Manuel, thanks for reading and taking the time to comment! I need to return to “El Guero” — to the whole album, really. Do you agree with my idea that “El Karma” casts a serious shadow over the rest of Mexican radio? It may just be since Camacho died, but I know it was getting played last year, and I’ll bet it had the same off-putting effect even then. And do you have any idea who the songwriter El Diez is?
May 21, 2015 at 6:54 pm
El Karma is the new “Chuy y Maurico” its going to spawn countless versions and I bet you a narco pelicula is not too far off. what dID you mean “Off-putting” ? and No, I have no idea who “El Diez” is, honestly I know very few songwriters, except for Giovanni Cabrera.
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May 22, 2015 at 10:49 am
By “off-putting” I meant Camacho’s version of “El Karma” sounds less triumphant and good-natured than the surrounding songs on the radio, especially the other corridos, and less triumphant and good-natured than the other versions of “El Karma.” I have no idea what Camacho’s intentions were when he recorded the song. I wouldn’t be surprised if he was just tailoring a hot corrido to the stripped-down sound of his band. But I wonder whether the radio audience hears Camacho’s “El Karma” as a relief from other corridos, or even as a rebuke to those more triumphant and good-natured takes on violence? (I’m part of the radio audience but I know very little about the rest of the audience.) Camacho seems more serious and less flippant than other corridistas. But I could be mishearing the other corridistas.
Thanks for the valuable comparison to “Chuy y Mauricio.” Here’s a story about the real dudes and their families, mostly for my future reference but also for anyone following along at home: http://www.narcoviolencia.com.mx/2015/03/la-historia-de-chuy-y-mauricio-y-su.html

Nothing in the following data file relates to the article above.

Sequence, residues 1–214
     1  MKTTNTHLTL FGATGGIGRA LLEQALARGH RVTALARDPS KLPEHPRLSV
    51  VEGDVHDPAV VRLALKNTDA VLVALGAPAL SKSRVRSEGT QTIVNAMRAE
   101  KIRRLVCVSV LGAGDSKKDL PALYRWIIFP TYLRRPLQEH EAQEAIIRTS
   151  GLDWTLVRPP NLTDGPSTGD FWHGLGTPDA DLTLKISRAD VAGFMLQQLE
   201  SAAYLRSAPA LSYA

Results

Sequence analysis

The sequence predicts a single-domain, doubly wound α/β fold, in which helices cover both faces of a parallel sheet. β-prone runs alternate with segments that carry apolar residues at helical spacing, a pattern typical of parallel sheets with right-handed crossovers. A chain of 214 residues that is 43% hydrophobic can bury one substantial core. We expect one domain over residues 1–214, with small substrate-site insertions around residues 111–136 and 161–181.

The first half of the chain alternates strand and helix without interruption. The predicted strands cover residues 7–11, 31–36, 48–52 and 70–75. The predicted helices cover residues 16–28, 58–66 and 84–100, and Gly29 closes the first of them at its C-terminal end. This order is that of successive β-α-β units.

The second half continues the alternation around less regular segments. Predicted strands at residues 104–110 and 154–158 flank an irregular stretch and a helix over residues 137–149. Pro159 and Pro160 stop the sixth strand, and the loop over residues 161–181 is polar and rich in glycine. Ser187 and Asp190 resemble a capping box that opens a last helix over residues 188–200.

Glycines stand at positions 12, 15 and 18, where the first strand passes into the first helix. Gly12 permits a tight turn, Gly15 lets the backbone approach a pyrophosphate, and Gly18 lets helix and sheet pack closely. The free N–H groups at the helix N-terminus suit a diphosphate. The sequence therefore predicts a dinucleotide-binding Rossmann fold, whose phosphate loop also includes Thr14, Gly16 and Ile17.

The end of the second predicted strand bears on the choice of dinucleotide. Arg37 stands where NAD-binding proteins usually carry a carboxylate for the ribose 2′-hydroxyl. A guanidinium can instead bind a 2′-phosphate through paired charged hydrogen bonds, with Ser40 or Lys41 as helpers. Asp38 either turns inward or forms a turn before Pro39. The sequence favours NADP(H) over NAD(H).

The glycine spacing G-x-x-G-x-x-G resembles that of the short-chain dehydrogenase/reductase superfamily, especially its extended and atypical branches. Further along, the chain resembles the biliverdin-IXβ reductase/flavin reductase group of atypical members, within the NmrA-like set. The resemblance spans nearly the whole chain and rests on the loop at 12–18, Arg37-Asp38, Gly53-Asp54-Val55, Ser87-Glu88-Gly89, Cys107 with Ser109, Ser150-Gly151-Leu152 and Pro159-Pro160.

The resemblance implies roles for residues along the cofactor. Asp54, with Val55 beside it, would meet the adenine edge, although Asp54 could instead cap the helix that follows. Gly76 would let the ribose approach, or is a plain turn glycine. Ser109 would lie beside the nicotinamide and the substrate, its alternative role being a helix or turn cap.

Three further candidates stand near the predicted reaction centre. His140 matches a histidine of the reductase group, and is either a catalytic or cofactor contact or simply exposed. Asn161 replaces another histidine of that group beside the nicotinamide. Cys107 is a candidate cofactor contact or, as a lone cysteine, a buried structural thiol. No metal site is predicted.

May 23, 2015 at 6:09 am
in my opinion Ariel Camacho’s version of “El Karma” is the best one. why? because the lyrics fit the voice and style of Ariel, the way he sings it is almost like he is giving his own Eulogy. the lyrics weren’t made for a 15 member band or a rapid fire accordionist, the subject matter is not about partying or how much of a vicious gunman he is, it is about jealousy, love for his daughters and an untimely death because of outside forces. Ariel had the type of talent that made you feel emotion, he gave heart and passion to many songs.
May 24, 2015 at 11:16 am
Yeah, it’s such a lonely song. You get the sense that, aside from his daughters, the narrator didn’t really have any other people in his life. The crime syndicate is just work, to get him out of whatever “agua caliente” he was in back home. Like you, I don’t buy the song when a banda does it, but that’s only after I’ve learned what the words are about. Even the Noel Torres and Voz de Mando version, the first version I heard, seems too lighthearted now; I misread it as “badass” when I reviewed Torres’s album. (Also, related to our Gerardo Ortiz discussion, I’m listening to Torres’s “El Karma” on headphones right now, and wow, talk about boomy drums. But Torres plays accordion way differently than whoever plays for Ortiz.)